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Why build open-source software?

January 17, 2007 by Mainak Biswas under Management Offshore outsourcing195 views
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What incentive does a commercial organization have to build an open-source software? Why will a programmer spend time and effort in contributing to any open-source product?

These are some questions that we tend to avoid. We are an open-source web development company. Each day of our company is spent working with PHP/MySQL/Apache and Linux. These are all very powerful open-source products. We generate revenue by creating application based on these platform or co-opting them in commercial projects or by customizing an open-source product to individual business needs. But, what is the economic benefit for the programmers who created these applications or extend them continuously?

I recently came across an article from Harvard Business School – Working Knowledge that answered some on these questions.

Benefit to a Programmer
A programmer will volunteer for a project only when they see a “net benefit” in doing so. “Net benefit” consists both of monetary benefits (immediate benefits) and non-monetary benefits (or delayed benefits). Monetary benefits are easy to visualize if the programmer is working on a commercial project. It will normally include things like Salary and Bonuses.

Non-monetary benefits the author says, consists of improved chances of receiving future job offers, shares in commercial open-source, access to venture capital and ego gratification (my personal favorite). The group of programmers working on an open-source also share very strong alumni relationship with each other and will be available to help in future.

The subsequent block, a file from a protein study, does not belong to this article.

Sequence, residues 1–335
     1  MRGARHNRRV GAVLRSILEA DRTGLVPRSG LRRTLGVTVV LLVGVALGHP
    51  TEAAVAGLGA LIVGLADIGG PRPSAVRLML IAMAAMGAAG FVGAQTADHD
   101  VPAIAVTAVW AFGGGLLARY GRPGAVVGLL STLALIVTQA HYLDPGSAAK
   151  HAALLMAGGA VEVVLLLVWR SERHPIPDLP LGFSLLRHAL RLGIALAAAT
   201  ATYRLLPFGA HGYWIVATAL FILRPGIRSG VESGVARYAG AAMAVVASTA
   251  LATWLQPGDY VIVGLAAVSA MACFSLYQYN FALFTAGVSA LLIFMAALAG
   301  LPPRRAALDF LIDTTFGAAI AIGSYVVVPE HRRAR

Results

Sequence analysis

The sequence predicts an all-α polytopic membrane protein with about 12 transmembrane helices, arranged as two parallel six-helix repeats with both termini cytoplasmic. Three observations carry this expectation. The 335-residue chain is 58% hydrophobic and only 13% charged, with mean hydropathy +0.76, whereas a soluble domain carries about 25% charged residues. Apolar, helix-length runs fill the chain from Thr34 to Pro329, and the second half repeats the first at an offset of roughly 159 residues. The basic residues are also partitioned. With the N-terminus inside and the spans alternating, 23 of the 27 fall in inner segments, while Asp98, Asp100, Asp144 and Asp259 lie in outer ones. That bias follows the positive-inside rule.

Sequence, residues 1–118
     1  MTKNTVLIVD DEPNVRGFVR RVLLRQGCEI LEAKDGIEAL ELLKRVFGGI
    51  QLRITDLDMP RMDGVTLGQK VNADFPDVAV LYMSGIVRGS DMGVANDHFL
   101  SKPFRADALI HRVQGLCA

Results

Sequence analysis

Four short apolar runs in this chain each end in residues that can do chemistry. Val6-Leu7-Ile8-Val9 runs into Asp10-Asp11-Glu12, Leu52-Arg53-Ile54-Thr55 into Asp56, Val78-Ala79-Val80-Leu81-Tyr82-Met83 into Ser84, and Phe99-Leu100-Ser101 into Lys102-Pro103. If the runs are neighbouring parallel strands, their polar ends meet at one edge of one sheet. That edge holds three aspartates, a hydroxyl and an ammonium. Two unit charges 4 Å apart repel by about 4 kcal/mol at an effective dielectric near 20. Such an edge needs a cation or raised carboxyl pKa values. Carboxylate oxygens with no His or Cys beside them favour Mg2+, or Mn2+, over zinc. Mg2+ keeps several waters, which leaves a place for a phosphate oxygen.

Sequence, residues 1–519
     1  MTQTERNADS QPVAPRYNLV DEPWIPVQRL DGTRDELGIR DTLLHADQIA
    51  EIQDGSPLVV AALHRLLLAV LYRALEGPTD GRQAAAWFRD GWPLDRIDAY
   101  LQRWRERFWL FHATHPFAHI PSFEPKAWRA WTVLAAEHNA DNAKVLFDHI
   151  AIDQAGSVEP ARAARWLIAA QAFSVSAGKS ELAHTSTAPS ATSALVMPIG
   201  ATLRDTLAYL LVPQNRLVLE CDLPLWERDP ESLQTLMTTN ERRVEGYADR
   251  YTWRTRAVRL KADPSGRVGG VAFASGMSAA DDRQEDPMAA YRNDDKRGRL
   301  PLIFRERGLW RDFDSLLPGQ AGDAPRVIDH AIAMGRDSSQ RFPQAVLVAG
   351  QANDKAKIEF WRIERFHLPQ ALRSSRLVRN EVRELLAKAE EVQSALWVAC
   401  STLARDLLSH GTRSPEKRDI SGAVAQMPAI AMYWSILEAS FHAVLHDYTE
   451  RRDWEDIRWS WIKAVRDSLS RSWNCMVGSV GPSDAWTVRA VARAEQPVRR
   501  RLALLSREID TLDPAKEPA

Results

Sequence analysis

In a commercially created program, outsiders can’t really tell who did what. Open source is different. As Lerner and Tirole write, “Outsiders are able to see not only what the contribution of each individual was and whether that component ‘worked,’ but also whether the task was hard, if the problem was addressed in a clever way, whether the code can be useful for other  programming tasks in the future,” and so on.

Thus, a programmer can prove that he is competent and his career prospect greatly increases. The commercial world will offer an opportunity only when capability and credential have already been established, whereas the open-source world offers an opportunity to establish that credibility in the first place. The full working paper can be accessed from here.

It seems that all that notion of altruistic programmer is not entirely true and it simply may be a gateway to enter into the commercial world.

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